Overcoming chronic malnutrition in a future warming world: the key importance of mungbean and vegetable soybean

Abstract

Malnutrition or ‘hidden hunger’ severely stunts human potential due to imbalanced diets and a lack of vital vitamins and minerals. Hunger and obesity are its extremes. Hardy, multipurpose legumes that can be used as vegetables or grains by smallholders or large enterprises and with multiple manufacturing uses have a vital role to play in overcoming growing malnutrition in South Asia, Africa, and the Pacific. Population growth over the next 40 years will require a doubling of food production in developing countries and climate change will make achieving this goal more uncertain. Mungbean (Vigna radiata (L.) Wilzcek) and vegetable soybean (Glycine max (L.) Merrill) can be consumed as highly nutritious vegetables or grains and are well suited to smallholder production under adverse climatic conditions. Both are well established in intensive cropping systems in Asia, but are little known elsewhere. Recent collaborative plant breeding efforts in Asia produced high yielding, disease-resistant mungbean varieties that mature synchronously in 60–65 days. This revolutionized the industry, allowing the crop to be added to smallholder rice/wheat rotations and leading to a major increase in global production Vegetable soybeans are larger and more nutritious than grain soybeans, but constitute less than 2% of global soybean production. Well known as fresh vegetables in East Asia, they are highly suited to smallholder agriculture or home gardens, producing among the highest yields of crop protein per unit area. More promotion and minor adaptive research can make these regional successes more widely available to help overcome malnutrition.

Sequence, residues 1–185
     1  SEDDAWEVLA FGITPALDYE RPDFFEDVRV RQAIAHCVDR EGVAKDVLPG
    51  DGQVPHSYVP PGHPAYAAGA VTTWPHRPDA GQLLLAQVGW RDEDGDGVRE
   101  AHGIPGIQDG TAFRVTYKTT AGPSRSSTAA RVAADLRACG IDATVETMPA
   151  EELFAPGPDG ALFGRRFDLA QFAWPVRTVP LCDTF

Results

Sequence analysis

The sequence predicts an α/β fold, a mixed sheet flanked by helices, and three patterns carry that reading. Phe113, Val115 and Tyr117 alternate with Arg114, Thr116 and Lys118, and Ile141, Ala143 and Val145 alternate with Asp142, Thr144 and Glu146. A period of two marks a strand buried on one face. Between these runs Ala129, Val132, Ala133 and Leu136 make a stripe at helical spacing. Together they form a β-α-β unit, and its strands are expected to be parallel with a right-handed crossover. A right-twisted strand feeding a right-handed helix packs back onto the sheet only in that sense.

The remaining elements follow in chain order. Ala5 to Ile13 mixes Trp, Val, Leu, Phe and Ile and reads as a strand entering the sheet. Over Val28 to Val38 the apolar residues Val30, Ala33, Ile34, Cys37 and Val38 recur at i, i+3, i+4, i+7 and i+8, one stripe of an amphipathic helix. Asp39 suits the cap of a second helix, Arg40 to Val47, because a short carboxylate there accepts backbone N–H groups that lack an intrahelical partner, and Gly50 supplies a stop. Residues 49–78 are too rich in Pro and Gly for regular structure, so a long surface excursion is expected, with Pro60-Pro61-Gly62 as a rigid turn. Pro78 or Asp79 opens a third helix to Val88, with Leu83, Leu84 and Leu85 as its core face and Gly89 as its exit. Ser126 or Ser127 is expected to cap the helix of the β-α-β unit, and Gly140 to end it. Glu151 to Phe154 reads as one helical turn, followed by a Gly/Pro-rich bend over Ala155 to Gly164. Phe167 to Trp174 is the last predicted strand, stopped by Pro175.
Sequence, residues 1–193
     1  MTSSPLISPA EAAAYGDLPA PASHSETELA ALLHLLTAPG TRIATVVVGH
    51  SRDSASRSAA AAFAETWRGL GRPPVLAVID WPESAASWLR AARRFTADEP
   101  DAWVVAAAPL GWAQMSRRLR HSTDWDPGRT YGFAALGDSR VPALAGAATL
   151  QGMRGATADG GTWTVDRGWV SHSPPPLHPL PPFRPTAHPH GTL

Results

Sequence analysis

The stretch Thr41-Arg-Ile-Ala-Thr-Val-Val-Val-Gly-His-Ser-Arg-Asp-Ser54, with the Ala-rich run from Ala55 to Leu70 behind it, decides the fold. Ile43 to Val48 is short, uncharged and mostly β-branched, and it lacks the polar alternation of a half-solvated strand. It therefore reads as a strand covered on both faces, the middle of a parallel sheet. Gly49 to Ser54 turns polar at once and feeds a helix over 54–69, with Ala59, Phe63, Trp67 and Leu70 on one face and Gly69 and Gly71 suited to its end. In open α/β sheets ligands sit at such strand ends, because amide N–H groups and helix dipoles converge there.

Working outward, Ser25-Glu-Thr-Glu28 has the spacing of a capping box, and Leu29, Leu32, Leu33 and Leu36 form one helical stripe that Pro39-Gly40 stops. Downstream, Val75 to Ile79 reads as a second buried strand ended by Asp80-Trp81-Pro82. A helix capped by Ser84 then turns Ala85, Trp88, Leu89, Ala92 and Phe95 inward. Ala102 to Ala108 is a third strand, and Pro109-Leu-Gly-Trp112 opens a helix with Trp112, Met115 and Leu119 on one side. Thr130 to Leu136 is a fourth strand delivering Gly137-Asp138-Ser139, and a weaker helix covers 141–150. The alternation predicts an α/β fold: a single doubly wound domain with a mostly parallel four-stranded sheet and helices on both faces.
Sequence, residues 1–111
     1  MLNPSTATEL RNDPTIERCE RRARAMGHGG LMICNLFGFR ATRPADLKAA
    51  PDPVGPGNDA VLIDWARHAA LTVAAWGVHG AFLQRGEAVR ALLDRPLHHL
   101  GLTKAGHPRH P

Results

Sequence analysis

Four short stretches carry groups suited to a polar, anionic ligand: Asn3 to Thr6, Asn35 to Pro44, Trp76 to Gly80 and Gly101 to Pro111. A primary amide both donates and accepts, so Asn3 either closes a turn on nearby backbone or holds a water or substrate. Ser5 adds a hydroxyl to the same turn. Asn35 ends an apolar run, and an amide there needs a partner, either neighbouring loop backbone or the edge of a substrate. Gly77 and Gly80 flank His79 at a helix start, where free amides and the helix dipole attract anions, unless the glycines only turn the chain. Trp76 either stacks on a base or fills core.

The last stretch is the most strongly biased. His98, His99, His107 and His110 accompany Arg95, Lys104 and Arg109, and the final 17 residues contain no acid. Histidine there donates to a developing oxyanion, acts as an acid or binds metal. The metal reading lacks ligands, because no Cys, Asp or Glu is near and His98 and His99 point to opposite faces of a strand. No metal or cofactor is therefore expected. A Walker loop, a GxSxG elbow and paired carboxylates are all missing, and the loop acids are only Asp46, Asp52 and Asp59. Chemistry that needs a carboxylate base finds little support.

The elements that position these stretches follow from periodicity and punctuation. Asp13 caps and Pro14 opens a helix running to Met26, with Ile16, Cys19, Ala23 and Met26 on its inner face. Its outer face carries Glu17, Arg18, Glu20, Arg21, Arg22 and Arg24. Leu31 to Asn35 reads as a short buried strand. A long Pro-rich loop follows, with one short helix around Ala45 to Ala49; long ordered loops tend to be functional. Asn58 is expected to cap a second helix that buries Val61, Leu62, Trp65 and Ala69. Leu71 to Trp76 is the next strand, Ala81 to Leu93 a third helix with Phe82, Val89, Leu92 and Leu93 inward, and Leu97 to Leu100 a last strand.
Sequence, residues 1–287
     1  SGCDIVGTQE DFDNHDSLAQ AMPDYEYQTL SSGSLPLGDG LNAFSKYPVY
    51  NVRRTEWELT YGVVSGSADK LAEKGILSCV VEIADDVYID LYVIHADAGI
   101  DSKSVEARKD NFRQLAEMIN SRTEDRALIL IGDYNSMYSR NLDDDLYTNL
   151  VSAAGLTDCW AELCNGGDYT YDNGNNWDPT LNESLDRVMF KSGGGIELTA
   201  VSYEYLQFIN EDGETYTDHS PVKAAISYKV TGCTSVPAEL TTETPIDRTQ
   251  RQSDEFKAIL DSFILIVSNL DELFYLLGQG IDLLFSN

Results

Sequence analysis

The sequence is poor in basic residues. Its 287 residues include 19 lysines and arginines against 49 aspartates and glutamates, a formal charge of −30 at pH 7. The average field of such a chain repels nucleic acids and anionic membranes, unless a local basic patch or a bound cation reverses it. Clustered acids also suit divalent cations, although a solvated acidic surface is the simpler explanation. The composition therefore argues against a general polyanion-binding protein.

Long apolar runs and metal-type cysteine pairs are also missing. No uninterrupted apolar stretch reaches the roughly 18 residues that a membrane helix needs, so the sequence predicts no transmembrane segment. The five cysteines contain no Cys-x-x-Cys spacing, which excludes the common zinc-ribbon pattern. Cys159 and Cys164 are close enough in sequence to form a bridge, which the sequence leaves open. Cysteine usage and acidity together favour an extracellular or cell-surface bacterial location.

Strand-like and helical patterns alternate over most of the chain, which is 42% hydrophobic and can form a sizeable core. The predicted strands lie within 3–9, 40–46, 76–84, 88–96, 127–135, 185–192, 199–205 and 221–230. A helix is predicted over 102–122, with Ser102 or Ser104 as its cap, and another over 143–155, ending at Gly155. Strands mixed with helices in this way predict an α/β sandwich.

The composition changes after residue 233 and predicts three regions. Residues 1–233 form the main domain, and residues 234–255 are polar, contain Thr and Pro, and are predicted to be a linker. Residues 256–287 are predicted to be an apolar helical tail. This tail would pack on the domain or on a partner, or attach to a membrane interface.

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Correspondence to J. D. H. Keatinge.

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Keatinge, J.D.H., Easdown, W.J., Yang, R.Y. et al. Overcoming chronic malnutrition in a future warming world: the key importance of mungbean and vegetable soybean. Euphytica 180, 129–141 (2011). https://doi.org/10.1007/s10681-011-0401-6

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Keywords

  • Mungbean
  • Vegetable soybean
  • Malnutrition
  • Smallholder